FORT RUCKER, Ala. -- The Fort Rucker Army Emergency Relief campaign is on track to exceed last year's total contribution, and one annual event is making sure that goal comes to fruition.

The installation hosted the 28th annual Army Aviation Center Federal Credit Union Golf Tournament at Silver Wings Golf Course May 4 where people lined up to get in a round of golf for a good cause, said Bobby Michael, AACFCU president and CEO.

The golf tournament typically raises about $15,000 each year for AER, with last year's contribution totaling roughly $16,000, according to Michael.

"We always want to keep that amount so that AER can have that for budgeting purposes, and we always hope to increase that," said Kathy Scarbrough, AACFCU vice president of marketing, "but we always want to make sure that (AER) can count on us for that $15,000 each year."

During the golf tournament, players were able to play in teams of four with prizes given out for closest to the pin and holes in one on certain holes, as well as longest drive, and even though the game was a competition, for many, the real prize isn't about placing in the tournament, but being able to help fellow Soldiers.

"Army Emergency Relief has always been about putting Soldiers needs first and making sure we don't have any Soldiers who are left behind financially," said Damien Saunders, retired military. "There are enough stressors when it comes to being a Soldier, and having to worry about financial burdens shouldn't be one of them, and that's why it's our duty to make sure to help where we can."

Scarbrough said being able to provide that help is why AACFCU continues to put on the annual golf tournament -- to help those Soldiers in need.

"We understand the needs that Soldiers have for unexpected expenses, and we want to be there to support the men and women who are willing to put their lives on the line to defend our country," said the marketing VP. "If they're willing to do that, then the least that we can do is come out here and help raise funds for the Army Emergency Relief fund."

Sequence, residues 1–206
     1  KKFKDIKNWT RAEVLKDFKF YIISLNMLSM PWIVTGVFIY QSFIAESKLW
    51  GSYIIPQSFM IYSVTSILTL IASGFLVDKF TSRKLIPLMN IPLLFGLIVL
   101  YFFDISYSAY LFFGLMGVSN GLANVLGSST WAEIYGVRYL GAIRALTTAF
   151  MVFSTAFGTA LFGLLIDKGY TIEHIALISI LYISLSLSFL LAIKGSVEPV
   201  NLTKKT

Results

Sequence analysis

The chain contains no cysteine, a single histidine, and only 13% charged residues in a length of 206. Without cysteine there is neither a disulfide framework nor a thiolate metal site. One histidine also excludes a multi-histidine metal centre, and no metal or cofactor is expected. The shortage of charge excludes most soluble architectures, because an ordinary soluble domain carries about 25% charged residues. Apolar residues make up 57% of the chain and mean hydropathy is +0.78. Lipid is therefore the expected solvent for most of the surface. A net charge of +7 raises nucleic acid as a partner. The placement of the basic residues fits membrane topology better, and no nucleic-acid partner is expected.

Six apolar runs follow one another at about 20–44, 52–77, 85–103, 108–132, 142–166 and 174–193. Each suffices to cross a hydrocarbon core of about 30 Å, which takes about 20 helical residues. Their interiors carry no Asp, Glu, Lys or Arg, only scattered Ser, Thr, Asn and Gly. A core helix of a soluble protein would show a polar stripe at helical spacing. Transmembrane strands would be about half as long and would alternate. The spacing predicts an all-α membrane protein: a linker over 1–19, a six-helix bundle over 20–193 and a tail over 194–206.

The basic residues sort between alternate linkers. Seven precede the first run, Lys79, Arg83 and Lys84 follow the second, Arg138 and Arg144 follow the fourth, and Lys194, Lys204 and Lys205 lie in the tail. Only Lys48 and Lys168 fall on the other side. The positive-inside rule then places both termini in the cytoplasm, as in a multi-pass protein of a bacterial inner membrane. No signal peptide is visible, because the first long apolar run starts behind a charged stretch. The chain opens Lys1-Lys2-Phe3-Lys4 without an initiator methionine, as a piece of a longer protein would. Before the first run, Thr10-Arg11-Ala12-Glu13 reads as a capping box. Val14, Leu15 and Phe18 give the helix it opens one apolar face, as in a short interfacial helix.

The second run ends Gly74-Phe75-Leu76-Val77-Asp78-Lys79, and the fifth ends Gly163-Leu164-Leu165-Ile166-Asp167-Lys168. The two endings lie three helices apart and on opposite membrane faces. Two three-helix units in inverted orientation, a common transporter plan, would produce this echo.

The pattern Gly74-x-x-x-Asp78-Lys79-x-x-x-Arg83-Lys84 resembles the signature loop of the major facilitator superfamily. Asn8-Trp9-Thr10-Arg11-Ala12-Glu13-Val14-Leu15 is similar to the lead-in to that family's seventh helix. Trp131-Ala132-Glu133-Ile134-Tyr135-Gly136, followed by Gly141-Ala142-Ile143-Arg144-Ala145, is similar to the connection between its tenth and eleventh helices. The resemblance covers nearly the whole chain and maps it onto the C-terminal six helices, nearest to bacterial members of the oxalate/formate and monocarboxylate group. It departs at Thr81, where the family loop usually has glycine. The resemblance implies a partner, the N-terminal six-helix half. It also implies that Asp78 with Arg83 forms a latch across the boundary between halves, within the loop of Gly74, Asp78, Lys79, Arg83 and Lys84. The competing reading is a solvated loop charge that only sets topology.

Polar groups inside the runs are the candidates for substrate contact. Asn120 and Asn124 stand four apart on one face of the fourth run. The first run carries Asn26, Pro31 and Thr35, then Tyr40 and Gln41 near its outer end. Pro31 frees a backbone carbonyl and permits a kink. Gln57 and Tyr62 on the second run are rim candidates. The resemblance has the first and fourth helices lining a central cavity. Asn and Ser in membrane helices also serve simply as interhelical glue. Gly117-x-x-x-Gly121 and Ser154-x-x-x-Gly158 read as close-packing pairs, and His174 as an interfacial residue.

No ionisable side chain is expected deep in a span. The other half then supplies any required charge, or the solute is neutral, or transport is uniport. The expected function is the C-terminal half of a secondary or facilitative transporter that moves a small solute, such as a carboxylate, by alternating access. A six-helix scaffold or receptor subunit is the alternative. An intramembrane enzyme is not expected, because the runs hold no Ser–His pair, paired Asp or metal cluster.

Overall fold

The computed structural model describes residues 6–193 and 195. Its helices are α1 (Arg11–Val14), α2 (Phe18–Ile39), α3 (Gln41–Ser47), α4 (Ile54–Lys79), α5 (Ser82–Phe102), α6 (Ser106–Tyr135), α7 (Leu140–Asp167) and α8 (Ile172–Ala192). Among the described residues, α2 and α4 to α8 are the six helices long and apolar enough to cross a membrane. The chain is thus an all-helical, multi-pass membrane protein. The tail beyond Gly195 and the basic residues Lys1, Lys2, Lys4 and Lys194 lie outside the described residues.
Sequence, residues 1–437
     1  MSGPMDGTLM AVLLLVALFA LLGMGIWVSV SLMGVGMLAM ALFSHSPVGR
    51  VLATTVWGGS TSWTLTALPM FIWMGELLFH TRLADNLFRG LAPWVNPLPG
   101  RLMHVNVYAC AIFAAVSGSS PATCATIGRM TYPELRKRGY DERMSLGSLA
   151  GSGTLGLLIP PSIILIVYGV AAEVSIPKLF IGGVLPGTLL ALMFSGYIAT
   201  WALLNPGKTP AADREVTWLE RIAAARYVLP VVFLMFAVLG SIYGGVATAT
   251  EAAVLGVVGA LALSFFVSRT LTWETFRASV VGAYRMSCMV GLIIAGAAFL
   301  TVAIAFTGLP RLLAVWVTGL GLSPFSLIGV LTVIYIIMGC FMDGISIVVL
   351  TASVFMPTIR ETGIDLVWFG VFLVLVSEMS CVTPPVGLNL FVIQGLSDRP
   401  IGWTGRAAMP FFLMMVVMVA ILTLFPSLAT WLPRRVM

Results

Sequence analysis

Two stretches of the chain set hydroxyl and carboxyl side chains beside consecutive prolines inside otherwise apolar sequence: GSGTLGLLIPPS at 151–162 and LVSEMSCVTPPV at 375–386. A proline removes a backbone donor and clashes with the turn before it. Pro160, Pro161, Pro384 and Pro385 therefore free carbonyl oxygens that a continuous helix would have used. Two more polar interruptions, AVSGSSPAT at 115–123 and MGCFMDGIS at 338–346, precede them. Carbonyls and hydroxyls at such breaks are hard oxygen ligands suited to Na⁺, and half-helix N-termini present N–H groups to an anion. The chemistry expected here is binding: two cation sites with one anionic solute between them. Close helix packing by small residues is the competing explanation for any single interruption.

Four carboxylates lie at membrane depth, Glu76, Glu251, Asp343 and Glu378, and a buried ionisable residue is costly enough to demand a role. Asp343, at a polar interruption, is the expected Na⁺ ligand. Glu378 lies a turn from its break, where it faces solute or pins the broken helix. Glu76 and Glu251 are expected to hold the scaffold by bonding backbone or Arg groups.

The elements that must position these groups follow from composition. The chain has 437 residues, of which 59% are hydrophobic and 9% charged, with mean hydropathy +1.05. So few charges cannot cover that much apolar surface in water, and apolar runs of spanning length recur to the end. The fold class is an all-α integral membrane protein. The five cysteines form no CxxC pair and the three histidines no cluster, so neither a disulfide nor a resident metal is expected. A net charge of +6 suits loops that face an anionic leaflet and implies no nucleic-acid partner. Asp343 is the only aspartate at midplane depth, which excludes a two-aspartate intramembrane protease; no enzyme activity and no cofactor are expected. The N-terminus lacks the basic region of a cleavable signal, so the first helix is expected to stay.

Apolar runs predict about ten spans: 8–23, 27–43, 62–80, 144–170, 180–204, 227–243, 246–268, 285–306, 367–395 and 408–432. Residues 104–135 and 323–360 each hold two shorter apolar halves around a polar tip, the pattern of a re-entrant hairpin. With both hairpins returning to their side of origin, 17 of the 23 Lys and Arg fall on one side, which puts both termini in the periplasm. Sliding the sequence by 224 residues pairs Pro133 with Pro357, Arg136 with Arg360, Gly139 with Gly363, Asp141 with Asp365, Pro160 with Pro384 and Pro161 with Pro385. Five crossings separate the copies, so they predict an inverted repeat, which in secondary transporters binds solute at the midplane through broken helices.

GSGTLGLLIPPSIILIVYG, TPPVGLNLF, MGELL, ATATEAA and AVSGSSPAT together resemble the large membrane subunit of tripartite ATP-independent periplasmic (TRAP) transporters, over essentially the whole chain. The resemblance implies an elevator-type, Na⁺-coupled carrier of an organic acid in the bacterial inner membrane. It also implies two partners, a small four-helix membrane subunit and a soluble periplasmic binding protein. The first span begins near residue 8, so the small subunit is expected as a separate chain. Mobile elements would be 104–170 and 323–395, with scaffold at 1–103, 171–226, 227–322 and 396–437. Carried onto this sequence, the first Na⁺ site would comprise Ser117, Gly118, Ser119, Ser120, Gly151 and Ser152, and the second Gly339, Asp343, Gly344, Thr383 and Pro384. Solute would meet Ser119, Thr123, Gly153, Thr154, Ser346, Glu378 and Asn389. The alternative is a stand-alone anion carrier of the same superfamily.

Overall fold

Last year, the campaign raised $136,000 on Fort Rucker and more than $500,000 in assistance was provided to Soldiers and families on the installation, according to Beth Gunter, AER campaign organizer and Army Community Service financial counselor. That amount includes assistance and scholarships awarded.

The AER campaign continues through May 15, but Gunter reminds people that donations can be made year round.

Although AER exists to make sure Soldiers in financial need are taken care of, the primary goal of the program is to make sure there is 100-percent training when it comes to AER, said Gunter.

"This training not only expands awareness of the services offered by the AER program for all Soldiers, but emphasizes the need for continued support to AER," she said. "Donations of Soldiers from past generations have helped ensure the benefits of AER are available 76 years later for today's Army, and donations from Soldiers will continue that legacy, impacting Soldiers of today and the future."

For more information or to donate, visit https://www.aerhq.org.